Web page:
I recently moderated a roundtable session at the AFP Executive Forum in New York that focused on fintech for corporate treasurers. With all the hype around fintech over the past few years, I think it is important to stay focused and realize that fintech development should be aimed at making real issues better for the end-user. Technology can often do a lot more than what can be implemented on a practical basis, and this more nuanced view was what I wanted to bring out in the roundtable.
As I introduced the topic and teed up the discussion, I reflected on how difficult change can be for corporate treasury professionals, particularly when it comes to payments systems. For example, SEPA really didn’t get any adoption until authorities mandated it. Changing the standard of the file formats to ISO 20022, and converting bank account numbers to IBANs was just too daunting a task for corporates, despite the potential savings and efficiencies that could be achieved in the long run.
We also touched on the increase in check use in the United States for B2B transactions in the past three years, which was revealed by the 2016 AFP Electronic Payments Survey. This has occurred despite the abundance of new technology advancements in payments.
Moving on to fintech, I first asked the panel how they define it. This question usually generates a wide range of answers. Some see fintech as simply technological advancements in the financial sector, such as software upgrades and more efficient platforms. Others view fintech as being all about disruption, such as startups that employ new technologies like blockchain/distributed ledger, artificial intelligence and APIs, which aim to make legacy systems and players irrelevant.
Again, I think it is important to realize that a realistic approach to fintech may be the best course of action for treasurers—a course that should land at about the middle of the definition range. As financial technology development is progressing, we see that legacy players in the financial sector are not sitting still and letting themselves become irrelevant. Instead, we see a lot of collaboration between the old and new players. Banks are partnering with startup companies on new technology solutions, with the goal of forming a win-win development. The reason for this is that the players benefit from each other’s strengths; a startup can lean on a bank’s solid foundation in the marketplace, and a bank can reap the benefit of the innovative nature of a startup.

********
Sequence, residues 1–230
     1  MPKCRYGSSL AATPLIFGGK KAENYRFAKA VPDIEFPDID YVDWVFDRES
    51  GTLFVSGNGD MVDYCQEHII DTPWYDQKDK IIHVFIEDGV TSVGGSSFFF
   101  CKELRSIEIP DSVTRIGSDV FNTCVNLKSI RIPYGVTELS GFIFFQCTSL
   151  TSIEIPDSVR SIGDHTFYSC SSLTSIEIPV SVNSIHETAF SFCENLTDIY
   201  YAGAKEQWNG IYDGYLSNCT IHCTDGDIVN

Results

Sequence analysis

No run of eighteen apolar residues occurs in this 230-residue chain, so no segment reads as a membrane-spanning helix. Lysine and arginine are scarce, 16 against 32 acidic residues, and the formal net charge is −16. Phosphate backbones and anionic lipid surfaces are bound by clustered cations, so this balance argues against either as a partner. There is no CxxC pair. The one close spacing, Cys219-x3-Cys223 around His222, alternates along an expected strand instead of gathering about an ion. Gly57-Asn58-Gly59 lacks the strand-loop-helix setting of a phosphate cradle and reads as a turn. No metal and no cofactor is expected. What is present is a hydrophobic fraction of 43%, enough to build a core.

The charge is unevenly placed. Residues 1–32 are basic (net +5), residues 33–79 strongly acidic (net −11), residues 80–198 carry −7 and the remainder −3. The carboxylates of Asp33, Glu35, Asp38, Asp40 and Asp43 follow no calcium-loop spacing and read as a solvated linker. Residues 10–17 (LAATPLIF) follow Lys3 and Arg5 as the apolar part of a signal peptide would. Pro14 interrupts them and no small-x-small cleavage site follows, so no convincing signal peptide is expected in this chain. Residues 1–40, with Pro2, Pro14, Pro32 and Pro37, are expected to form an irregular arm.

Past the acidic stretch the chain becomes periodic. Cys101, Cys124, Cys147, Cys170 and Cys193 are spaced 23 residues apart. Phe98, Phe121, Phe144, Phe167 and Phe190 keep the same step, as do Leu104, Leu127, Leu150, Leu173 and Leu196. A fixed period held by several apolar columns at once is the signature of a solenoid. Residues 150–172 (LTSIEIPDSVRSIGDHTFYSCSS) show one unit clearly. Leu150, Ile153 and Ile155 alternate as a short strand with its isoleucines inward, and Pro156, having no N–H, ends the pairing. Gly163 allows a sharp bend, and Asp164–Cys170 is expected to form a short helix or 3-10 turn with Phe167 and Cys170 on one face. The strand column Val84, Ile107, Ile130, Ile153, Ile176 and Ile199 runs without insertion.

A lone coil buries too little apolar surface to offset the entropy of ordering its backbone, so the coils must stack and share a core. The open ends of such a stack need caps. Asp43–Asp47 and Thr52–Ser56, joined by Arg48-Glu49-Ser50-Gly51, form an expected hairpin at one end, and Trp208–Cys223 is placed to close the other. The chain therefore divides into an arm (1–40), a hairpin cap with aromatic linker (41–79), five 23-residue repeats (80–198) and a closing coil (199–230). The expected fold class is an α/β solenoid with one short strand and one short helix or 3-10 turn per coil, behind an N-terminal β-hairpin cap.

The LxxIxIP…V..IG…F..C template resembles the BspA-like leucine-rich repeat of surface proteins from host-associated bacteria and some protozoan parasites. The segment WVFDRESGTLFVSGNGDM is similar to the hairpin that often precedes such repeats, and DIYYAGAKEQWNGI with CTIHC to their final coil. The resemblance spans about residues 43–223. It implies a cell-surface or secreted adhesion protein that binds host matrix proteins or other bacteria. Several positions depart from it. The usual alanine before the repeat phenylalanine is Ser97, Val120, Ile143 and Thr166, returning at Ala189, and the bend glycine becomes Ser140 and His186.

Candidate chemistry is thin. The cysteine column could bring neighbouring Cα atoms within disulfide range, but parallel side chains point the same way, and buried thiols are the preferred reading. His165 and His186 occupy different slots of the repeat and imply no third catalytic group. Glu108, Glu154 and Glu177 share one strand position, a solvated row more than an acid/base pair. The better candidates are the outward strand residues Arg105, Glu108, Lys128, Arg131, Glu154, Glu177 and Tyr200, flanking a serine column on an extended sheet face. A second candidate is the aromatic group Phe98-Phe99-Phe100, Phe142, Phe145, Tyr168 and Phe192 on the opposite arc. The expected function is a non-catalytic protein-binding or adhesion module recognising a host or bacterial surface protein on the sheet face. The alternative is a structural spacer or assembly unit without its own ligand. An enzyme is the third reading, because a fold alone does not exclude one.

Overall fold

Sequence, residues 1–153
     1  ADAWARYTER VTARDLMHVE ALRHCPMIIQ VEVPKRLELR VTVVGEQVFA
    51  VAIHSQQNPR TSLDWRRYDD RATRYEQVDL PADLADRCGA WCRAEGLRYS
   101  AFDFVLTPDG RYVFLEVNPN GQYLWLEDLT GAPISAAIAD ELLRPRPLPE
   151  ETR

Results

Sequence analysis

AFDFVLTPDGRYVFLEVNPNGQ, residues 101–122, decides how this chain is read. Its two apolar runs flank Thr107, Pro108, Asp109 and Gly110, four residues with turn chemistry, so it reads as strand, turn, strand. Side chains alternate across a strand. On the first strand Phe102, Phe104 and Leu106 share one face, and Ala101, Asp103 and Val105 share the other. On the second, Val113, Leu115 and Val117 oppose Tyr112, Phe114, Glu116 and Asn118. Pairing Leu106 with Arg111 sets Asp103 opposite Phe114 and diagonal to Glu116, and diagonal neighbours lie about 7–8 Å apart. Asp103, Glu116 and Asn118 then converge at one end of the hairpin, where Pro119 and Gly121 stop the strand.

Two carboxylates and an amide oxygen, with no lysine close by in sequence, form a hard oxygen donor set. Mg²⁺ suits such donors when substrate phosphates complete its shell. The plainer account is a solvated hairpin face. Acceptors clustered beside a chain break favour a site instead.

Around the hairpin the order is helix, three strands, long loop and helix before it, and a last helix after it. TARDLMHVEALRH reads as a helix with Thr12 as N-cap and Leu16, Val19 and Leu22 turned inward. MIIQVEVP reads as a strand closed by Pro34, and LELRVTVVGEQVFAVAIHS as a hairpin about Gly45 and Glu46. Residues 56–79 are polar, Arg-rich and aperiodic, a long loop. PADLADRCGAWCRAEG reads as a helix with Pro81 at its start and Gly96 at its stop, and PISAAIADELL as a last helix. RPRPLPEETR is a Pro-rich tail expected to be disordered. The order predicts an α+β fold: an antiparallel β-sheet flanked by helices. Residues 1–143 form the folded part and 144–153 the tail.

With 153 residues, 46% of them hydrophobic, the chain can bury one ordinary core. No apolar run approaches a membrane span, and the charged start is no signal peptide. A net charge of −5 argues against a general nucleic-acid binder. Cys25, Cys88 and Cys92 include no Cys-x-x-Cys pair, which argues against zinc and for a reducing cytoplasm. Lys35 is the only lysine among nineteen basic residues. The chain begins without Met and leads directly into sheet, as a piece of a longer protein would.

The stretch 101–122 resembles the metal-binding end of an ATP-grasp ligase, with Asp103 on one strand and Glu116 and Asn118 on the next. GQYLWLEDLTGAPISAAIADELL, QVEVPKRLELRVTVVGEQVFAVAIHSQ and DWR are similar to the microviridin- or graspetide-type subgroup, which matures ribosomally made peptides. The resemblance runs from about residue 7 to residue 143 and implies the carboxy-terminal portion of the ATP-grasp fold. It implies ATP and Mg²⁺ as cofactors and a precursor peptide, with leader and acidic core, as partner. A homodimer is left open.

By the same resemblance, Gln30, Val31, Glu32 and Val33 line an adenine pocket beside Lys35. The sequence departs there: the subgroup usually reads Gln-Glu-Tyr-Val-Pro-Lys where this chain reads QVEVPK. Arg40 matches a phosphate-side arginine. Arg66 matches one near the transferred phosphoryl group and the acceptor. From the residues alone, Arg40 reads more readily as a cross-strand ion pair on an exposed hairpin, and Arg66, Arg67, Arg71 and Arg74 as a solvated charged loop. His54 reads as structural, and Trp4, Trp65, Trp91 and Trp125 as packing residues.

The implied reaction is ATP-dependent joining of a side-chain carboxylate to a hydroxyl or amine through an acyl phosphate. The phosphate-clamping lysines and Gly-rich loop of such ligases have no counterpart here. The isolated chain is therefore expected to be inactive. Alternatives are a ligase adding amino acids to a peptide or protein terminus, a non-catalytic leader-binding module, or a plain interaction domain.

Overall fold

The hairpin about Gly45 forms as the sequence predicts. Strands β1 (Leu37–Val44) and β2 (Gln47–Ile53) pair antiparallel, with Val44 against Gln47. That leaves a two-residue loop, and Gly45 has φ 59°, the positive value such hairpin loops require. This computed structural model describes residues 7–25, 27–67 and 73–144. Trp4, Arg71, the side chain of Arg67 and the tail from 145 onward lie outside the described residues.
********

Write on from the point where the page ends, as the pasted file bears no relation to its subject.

Finally, having spoken with many corporate treasurers over the years as well as once being one myself, I know that there continues to be a lot of frustration with banking partners who are set in their ways. Fintech may provide an opportunity to change that. As one participant at the roundtable mentioned, “Banks are always going to have a role to play in money movement.” Fintech is, however, forcing banks to think differently about how they do things.
So in conclusion, here are three key points to keep in mind about fintech:
- Corporate treasurers are largely resistant to change. The only way they are going to get on board with fintech is that if they see that it improves real issues for end-users.
- Legacy players in the financial system are collaborating with new players because they can benefit from each other’s strengths.
- Fintech is forcing banks to rethink their approach to a lot of things.
For more of my insights, subscribe to the monthly Inside Treasury e-newsletter.
Magnus Carlsson is manager of treasury and payments for AFP.